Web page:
In addition to being synthetic, isolated vitamins are missing all their naturally occurring essential synergistic co-factors and transporters. A synthetic vitamin can stimulate a cell's metabolism, but it cannot upgrade or replace the cell's components with superior, better quality elements. The results? A degraded cell. Nature always packages vitamins in groups. The vitamins work together for better absorption. For this reason, the body responds to an isolated vitamin in the same way it responds to a toxin."

"Are certain synthetic ingredients worse than others? 

Yes. Some vitamins are water soluble, so the flush out of the body quite easily. Other vitamins are fat soluble. The fat-soluble vitamins include vitamins A, D, E and K. Because they are soluble in fat (lipids), these vitamins tend to build-up in the body's fat tissues, fat deposits, and liver. This storage capability makes the fat-soluble vitamins potentially toxic when consuming high-dose synthetic versions of these vitamins, rather than food-based vitamins that the body knows how to metabolize. Care should be exercised when taking the fat-soluble vitamins, and it is recommended that you avoid the synthetic forms of these vitamins whenever possible.
Also many people are allergic to the chemicals used as a base for synthetic vitamins. Some are toxic, including nicotine, coal tars and alloxal. Avoid toxic ingredients such as magnesium stearate or stearic acid (toxic flowing agents), silicon dioxide (common sand used as an expensive filler that makes the bottle weigh more with the hope that the uneducated consumer will equate weight with higher quality), natural flavors (a common term for toxic MSG used to disguise bland tastes), methylcellulose, carnauba wax, titanium dioxide, and many more. If you are not sure of what you are taking, do not take it! These toxic chemical agents can create significant health problems when consumed over time. The OCA will be posting a detailed list of some of the most problematic ingredients."

The Mayo Clinic also has helpful information regarding this issue:

  • Protective substances. Whole foods contain other substances important for good health. Fruits and vegetables, for example, contain naturally occurring substances called phytochemicals, which may help protect you against cancer, heart disease, diabetes and high blood pressure. Many are also good sources of antioxidants — substances that slow down oxidation, a natural process that leads to cell and tissue damage.
For these reasons and a few others (I do not like to take hard supplements or ones that have additives like magnesium stearate), I have chosen the route of using supplements that are from whole foods.  

That is one reason I was so excited to start Sealogica.  It is a raw whole food that is loaded with not only all your vitamins and minerals, but your many of your needed amino acids, antioxidants, enzymes, and avonoids, which all work together to provide health in the way that your body is naturally able to utilize.  I love Sealogica because it is easy to give to my family and I have watched my energy levels climb and a few other health issues start to resolve.  If you have any questions about Sealogica or any other questions about choosing whole foods over multivitamins, please feel free to leave a comment.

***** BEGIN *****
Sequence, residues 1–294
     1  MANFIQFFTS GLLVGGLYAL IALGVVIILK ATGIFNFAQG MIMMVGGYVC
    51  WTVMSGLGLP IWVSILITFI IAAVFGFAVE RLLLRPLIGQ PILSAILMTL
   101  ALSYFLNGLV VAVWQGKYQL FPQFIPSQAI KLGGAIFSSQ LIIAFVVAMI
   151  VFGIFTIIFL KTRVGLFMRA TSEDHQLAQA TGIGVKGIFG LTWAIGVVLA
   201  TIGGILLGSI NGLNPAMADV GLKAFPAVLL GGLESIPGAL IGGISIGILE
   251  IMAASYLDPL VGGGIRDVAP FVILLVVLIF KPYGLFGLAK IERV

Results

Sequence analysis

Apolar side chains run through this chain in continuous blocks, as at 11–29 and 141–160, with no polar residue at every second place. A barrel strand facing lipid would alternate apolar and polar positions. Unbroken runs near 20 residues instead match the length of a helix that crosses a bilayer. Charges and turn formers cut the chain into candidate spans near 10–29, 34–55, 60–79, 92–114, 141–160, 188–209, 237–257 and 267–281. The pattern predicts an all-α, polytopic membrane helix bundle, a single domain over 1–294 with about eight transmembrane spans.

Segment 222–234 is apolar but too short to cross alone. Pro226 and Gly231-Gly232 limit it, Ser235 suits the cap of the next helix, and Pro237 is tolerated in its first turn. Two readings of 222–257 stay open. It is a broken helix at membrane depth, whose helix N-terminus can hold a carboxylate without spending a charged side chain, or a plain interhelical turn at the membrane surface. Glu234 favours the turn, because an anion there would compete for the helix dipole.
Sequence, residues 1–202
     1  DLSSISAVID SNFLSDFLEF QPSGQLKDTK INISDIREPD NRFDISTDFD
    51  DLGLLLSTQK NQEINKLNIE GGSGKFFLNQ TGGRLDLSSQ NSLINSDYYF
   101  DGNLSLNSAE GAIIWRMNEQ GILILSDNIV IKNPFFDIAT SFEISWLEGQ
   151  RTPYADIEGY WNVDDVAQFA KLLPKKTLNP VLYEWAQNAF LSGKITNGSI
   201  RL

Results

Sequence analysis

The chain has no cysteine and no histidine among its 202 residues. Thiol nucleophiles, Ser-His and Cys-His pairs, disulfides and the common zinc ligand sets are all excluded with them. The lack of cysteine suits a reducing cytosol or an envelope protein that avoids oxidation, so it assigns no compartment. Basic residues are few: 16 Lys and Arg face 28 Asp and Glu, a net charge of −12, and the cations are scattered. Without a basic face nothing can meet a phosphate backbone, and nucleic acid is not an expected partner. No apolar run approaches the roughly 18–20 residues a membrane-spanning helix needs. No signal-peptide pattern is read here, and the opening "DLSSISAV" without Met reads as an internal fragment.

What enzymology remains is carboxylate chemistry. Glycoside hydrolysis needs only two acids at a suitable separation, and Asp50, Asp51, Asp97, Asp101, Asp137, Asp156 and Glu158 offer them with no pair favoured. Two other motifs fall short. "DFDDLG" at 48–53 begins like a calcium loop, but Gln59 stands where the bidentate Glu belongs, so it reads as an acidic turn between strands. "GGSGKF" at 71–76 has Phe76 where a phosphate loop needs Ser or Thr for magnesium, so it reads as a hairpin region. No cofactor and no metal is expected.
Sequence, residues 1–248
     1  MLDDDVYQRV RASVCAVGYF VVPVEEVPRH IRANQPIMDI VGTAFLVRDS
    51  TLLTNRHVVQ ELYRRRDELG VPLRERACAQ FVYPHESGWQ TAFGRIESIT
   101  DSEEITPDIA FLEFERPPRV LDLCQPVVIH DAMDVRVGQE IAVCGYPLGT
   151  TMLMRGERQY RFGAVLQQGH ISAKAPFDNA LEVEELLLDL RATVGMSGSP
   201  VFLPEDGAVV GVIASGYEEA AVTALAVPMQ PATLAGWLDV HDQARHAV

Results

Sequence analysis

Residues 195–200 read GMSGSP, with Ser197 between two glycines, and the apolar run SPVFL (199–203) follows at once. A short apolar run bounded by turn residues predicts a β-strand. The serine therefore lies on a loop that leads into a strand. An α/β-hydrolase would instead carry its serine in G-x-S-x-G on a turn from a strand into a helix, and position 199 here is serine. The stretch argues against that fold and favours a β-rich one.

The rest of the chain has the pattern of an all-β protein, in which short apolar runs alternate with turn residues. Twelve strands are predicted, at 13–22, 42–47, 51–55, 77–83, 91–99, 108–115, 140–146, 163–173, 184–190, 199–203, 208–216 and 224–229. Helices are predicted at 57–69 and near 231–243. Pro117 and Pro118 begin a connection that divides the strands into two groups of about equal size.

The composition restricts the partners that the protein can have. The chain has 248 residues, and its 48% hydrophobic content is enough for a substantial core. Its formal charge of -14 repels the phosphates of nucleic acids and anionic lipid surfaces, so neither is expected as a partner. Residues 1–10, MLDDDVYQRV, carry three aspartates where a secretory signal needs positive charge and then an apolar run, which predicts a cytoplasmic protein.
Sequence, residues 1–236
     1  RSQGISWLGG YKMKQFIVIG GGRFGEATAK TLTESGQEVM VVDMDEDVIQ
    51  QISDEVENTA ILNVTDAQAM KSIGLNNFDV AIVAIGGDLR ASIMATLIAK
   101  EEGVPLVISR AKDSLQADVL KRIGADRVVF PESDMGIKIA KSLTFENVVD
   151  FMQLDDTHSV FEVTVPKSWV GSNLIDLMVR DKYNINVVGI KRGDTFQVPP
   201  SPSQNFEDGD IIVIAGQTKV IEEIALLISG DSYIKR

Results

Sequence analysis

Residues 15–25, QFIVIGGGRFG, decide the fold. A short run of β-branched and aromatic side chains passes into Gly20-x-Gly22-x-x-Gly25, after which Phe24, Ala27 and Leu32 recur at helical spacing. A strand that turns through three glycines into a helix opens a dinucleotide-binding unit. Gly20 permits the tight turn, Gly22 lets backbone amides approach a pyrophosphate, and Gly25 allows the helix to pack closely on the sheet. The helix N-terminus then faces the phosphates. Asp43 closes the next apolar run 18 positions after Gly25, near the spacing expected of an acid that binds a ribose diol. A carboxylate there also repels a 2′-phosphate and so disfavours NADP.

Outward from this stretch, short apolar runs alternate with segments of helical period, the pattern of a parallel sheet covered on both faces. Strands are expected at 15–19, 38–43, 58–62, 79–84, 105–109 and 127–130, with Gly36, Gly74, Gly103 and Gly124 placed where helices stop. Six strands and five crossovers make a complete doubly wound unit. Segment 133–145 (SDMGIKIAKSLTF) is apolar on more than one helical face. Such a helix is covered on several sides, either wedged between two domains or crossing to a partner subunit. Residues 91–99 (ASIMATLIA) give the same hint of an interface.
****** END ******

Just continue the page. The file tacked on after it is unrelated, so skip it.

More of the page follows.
Sunday, June 3, 2012

Cultured Mondays: Cultured Galicky Zucchini and Radish Rounds

I had some extra garlic, zucchini, and radishes from my co-op, so I decided to combine them and make some zucchini and radish pickles yesterday.  I can't wait to try these out.  My carrots last week came out nicely.  A mild fizz and nice and soft.  My toddler is a big fan!

My radishes were very large and my zucchinis a bit small, so they made a beautiful combination when sliced together - I used the slicer blade on my cuisinart which made the slicing quick and easy.  My garlic cloves were small and skinny, so I just left them whole.

OK - so here's the recipe.  This made enough to fit in my 1 1/2 liter pickl-it jar.

*5 small zucchinis
*12 large radishes
*1 head of garlic
*2 1/2 % saline solution (19 grams of salt to 4 cups of water)
*1/4 cup whey

Wash your zucchinis and radishes off well, trimming the ends.  Peel the garlic cloves and wash the cloves.  They can be slightly crushed if you want a more garlicky brine.  Slice the radishes and zucchini and add to the pickl-it jar along with the garlic.  Pour in your 1/4 cup whey.  Mix your saline solution, then add enough to cover the veggies and leave 1 inch of head space.  Set in a dark place (I use my kitchen cabinet) to culture for 3-5 days.  The ideal fermenting temp is 70 degrees, so if it's cooler, it will take longer and if it's really warm, it will go faster.  If it's already really hot where you are, try to find a cool spot in your house that is dark, I sometimes use our pantry floor, which stays nice and cool with our ceramic tile.  Culturing is an art - you will soon develop your own techniques that come with practice.

(Featured on the Healthy Home Economist, The Homestead Revival, Cooking Traditional Foods, Mind Body and Sole, GNOWFLGINS, The Nourishing Gourmet)